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KSTP.com’s hyper-local sites: 177K page views in first month

A couple of months back, I wrote about KSTP.com‘s “local, local” websites — the city-level (or neighborhoods-level in bigger cities) newsfeeds designed to rope new readers and new advertisers into the TV station’s web maw.

The 93 micro-sites, mostly in the Twin Cities, debuted April 8. Here are the numbers through April 30, courtesy of KSTP director of creative services Paul Gaulke:

177,843 page views
94,097 total visits
58,456 unique visitors

Not that we’re the traffic gold standard, but for context, that’s about 20-25 percent of MinnPost’s numbers.

KSTP’s local content is still pretty skinny — I would’ve slotted most of the “local” news in my home “Minneapolis Southwest — Calhoun” section in briefs back in my days editing the Southwest Journal.

There’s exactly one “conversation” (which also is the only entry under “rants and raves” and “classifieds”), but then again, the business directory is decently populated. No idea what kind of dough those sponsors produce, but as the folks over at WCCO’s “The Wire” will tell you, it’s helpful to have an advertiser when you’re experimenting. The platform does give the KSTP salesforce a new reason to call certain advertisers.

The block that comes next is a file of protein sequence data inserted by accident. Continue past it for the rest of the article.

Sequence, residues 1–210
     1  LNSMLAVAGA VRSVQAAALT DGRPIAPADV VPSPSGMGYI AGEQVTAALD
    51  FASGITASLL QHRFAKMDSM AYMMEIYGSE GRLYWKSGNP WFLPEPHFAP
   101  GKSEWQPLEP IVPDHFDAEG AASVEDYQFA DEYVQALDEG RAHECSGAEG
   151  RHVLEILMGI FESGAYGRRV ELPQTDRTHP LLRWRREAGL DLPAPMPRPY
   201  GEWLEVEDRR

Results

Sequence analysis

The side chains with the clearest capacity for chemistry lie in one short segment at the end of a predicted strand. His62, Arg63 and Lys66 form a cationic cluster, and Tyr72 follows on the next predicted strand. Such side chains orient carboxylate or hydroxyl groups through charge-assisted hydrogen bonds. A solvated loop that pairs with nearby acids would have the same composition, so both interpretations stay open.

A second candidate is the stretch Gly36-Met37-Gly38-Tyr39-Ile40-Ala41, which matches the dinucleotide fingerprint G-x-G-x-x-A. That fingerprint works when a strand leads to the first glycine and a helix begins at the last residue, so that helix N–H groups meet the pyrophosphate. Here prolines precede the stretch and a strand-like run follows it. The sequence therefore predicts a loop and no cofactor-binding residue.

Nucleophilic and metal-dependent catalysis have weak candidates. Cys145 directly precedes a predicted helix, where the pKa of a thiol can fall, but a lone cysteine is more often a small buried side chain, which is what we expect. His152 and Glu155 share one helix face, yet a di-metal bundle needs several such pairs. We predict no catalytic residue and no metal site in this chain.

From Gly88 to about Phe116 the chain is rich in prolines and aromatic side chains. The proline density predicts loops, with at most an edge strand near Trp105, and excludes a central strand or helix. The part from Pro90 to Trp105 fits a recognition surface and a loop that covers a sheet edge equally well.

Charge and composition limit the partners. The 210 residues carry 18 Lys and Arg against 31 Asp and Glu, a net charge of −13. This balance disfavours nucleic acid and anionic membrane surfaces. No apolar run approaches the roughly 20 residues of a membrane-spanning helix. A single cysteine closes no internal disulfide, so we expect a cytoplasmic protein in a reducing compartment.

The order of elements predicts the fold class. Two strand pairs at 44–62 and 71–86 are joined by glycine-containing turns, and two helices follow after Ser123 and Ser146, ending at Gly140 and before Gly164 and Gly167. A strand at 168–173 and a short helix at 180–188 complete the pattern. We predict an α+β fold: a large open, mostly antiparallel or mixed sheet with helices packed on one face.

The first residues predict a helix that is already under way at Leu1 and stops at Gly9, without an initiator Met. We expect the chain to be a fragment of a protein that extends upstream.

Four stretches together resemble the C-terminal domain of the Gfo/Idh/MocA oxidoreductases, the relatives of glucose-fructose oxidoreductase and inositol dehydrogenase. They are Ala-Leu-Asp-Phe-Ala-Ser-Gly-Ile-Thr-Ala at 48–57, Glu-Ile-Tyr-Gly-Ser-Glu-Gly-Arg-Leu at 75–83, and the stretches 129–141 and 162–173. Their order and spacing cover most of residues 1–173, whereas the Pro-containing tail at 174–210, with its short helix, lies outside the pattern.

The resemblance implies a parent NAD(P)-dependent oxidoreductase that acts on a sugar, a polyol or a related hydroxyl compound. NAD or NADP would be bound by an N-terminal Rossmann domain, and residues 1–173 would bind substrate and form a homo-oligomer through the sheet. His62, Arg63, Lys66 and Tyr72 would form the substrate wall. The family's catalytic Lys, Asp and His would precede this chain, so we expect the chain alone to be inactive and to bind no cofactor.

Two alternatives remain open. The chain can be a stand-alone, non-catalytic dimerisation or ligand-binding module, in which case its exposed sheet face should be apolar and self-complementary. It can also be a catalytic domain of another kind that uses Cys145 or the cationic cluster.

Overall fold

As I wrote when the site debuted, I’m skeptical these really will lure a critical mass of local readers, assuming there’s enough hyper-local news junkies to ignite the social-networking aspects. Still, it’s early, so stay tuned.

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Comments (3)

  1. Submitted by Tim McNeill on 05/24/2010 - 10:35 am.

    I like what they are doing. However, the information is on the lean side. The Wire is slow to load, hard to navigate, and the information seems worthless to me. WCCO really needs to re-vamp the wire into something with more meat and less cheering for their own news product and talent. I like what KSTP is trying to do. They seem to be onto something with the local angle. It would be great if they had local sports scores and had more local government stories too.

  2. Submitted by Sheldon Mains on 05/24/2010 - 12:14 pm.

    Much of this traffic is likely from articles. If you click on an article that is about or set in a specific neighborhood (e.g. “University”) you go to that neighborhood page.

  3. Submitted by Dan Gustafson on 05/25/2010 - 09:02 am.

    You can’t fake community involvement with a 5 sentence story about something that happens in a specific location.

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